Despite the efforts of people like Cobenais, lobbyists have continued to fight hard to get the pipeline built. According to an article published in online news source The Hill on Dec. 11, at least 42 lobbying firms, associations and companies have voiced their support of the pipeline since it was first proposed in 2009.
The National Association of Manufacturers is one such company. They’ve been urging the State Department to move ahead with its approval. Spokesman Jeff Ostermayer says his company’s main concern is job creation.
“This will benefit manufacturers and this will help Americans get back to work. This will help manufacturers be able to hire,” he said. Ostermayer and his pro-pipeline colleagues seem to be working under a desire for short-term gratification— environmental concerns are too intangible, too far-fetched, and too removed from their own interests.
On Dec. 17, the Senate passed a bill that requires an expedited 60-day approval process for the pipeline in return for a payroll tax cut. President Obama has said he will sign it, but he still has the power to kill the project. Montana recently granted permission to TransCanada to construct that segment of the pipeline on state soil. Things are moving forward, and not necessarily in the way that the Tar Sands protesters had hoped.
“These things can work,” Bill McKibben told the throngs of protesters in early September, before the issue had exploded as a major source of political and industry tension in Washington. “One of the things we’ve managed to do is reinvent what this kind of protest looks like in this country.” Whether or not this pipeline is built, those images of protest might be its lasting legacy.

MAP-21 would improve roads, employ millions

The Senate Environment and Public Works Committee voted unanimously to pass MAP 21 Wednesday.

On Wednesday, the Senate Environment and Public Works Committee passed a bill that attempts to help America’s highway system meet the demands of 21st century travelers. Passage of the bill was driven by two pressing needs—the urgency to create jobs, and the necessity of improving the transportation system.

“Moving Ahead for Progress in the 21st Century,” or MAP 21, passed unanimously, receiving unusual bipartisan support. Senator Baucus, R-Mont., stressed the vitality of highways in transporting goods and people and contributing to the smooth operation of the entire country in a Senate committee hearing Wednesday.

“Roads can make or break a nation,” Baucus said, quoting former New York senator Patrick Moynihan. Baucus serves as the ranking member of the committee. He drew on the example of Interstate 15, the fourth-longest interstate highway in the nation, which winds through six states before entering Alberta, Canada.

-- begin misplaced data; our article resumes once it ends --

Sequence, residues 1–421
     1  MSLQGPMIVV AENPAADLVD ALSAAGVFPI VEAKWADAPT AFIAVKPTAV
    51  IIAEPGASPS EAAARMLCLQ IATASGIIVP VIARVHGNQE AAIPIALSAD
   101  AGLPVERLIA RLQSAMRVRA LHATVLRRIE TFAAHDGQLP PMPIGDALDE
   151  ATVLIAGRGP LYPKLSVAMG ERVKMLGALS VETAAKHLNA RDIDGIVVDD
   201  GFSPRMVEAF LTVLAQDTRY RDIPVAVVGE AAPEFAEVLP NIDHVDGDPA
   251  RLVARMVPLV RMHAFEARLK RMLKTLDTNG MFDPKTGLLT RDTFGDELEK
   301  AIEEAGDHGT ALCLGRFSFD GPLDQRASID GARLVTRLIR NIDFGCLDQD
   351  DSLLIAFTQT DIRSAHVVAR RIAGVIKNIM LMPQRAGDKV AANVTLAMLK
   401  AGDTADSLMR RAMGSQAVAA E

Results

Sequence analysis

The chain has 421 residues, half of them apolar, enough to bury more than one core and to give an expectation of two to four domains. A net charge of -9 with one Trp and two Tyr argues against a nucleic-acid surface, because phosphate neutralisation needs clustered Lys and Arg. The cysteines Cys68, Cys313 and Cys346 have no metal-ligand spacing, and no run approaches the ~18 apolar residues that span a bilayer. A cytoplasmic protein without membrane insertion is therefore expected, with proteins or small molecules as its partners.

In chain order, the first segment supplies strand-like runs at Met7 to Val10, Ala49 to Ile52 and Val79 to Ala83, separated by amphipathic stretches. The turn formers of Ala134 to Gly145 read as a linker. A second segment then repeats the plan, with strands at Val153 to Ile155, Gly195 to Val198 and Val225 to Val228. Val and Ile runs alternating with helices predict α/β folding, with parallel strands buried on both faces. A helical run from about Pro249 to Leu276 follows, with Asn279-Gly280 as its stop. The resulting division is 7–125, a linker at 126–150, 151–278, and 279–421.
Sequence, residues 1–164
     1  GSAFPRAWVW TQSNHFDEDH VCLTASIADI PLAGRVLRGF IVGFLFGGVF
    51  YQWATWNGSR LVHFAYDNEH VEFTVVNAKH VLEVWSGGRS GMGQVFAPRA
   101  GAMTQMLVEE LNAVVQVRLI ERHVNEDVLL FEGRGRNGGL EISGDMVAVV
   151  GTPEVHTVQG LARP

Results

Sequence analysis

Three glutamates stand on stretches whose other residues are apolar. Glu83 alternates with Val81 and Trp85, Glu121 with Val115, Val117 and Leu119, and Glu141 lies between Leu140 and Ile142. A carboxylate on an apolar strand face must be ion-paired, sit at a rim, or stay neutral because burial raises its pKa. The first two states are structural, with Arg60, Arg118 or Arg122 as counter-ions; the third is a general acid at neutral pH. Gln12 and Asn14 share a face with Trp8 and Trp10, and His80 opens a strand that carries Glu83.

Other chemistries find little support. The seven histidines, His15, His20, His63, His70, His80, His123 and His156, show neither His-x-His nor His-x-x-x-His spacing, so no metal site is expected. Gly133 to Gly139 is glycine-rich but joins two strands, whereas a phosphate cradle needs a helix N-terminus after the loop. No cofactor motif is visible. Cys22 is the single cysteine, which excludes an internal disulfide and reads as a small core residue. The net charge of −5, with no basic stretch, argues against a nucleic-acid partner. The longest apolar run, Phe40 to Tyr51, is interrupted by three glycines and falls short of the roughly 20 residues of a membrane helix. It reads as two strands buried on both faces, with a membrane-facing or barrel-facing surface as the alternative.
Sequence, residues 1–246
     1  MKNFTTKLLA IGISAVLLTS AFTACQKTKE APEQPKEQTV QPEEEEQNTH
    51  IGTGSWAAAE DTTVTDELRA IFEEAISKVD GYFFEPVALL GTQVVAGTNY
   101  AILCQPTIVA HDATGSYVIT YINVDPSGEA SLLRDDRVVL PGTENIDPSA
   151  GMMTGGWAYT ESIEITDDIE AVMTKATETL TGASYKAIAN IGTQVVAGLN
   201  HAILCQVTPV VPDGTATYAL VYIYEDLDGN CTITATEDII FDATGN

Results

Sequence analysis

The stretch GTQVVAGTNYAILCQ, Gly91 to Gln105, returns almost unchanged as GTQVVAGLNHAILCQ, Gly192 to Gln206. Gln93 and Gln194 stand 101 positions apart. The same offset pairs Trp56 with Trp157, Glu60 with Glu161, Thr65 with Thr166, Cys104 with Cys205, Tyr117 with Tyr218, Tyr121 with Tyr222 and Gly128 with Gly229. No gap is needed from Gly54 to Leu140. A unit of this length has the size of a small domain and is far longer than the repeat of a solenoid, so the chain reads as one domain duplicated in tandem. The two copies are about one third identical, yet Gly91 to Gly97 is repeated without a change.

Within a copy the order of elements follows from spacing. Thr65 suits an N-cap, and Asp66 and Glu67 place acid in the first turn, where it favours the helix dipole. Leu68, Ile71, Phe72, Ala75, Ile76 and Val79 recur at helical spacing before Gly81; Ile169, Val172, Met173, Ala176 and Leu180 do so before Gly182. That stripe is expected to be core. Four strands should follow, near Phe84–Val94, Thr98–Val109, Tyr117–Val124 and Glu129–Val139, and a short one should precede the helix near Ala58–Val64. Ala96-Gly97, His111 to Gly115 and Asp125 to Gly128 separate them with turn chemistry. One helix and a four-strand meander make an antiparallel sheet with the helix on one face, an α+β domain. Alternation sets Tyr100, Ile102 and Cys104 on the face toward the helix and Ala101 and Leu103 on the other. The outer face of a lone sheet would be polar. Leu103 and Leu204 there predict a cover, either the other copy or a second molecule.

“Montana can’t fund roads like I-15 by themselves, and other states along I-15 clearly can’t either,” he said, calling Montana a “highway state” due to its landlocked position and lack of large international airports.  He argued that all states would benefit from the federal government’s investment in this infrastructure.

He called the bill “a good compromise,” stating that the additional construction jobs that the bill would provide would be invaluable to the American economy.

One area of partisan contention in the bill were Transportation Enhancements, or TEs, which provide federal money for bike- and footpaths, as well as highway beautification. Senator Inhofe, R-Okla., stated that he did not believe that that these activities reduce congestion, or “improve the condition of our crumbling infrastructure.” However, in the current iteration of the bill, states wouldn’t necessarily have to spend this money on TE activities, but could use the funds for purposes such as preventing stormwater damage and preserving historic sites.

Members of both political parties have been attempting to improve this infrastructure for a number of years. In 2009, the American Recovery and Reinvestment Act (H. R. 1) was signed into law, providing a total of $48 billion for transportation improvements. Out of that $48 billion, about $27.5 billion was set aside for the highway program.

The committee’s unanimous passage of the bill was unusual in Congress’s current sharply divided political climate.  Senator Whitehouse, D-RI, called the bill a “commonsense measure” that would benefit each senator’s constituents.

Special interest groups, such as the National Asphalt Pavement Association, are poised to gain from the passage of this bill, mostly because it gives them a degree of certainty that their services will be needed for at least 2 more years.

“We can hire employees and buy equipment,” said Jay Hansen, of the NAPA. “Without the bill, there’s a lack of clarity in the future.” The current funding ends Nov. 18, making the passage of new legislation somewhat urgent.

Hansen also added that the bipartisan nature of the bill was “nice to see,” since the committee voted unanimously to pass the bill. “There’s not a lot of legislation being considered in Congress in this way,” he said.

Record number of Americans depend on food stamps as farm bill faces cuts

The USDA is spending a large part of their budget feeding hungry Americans, but they might not be able to provide the same level of support in 2012.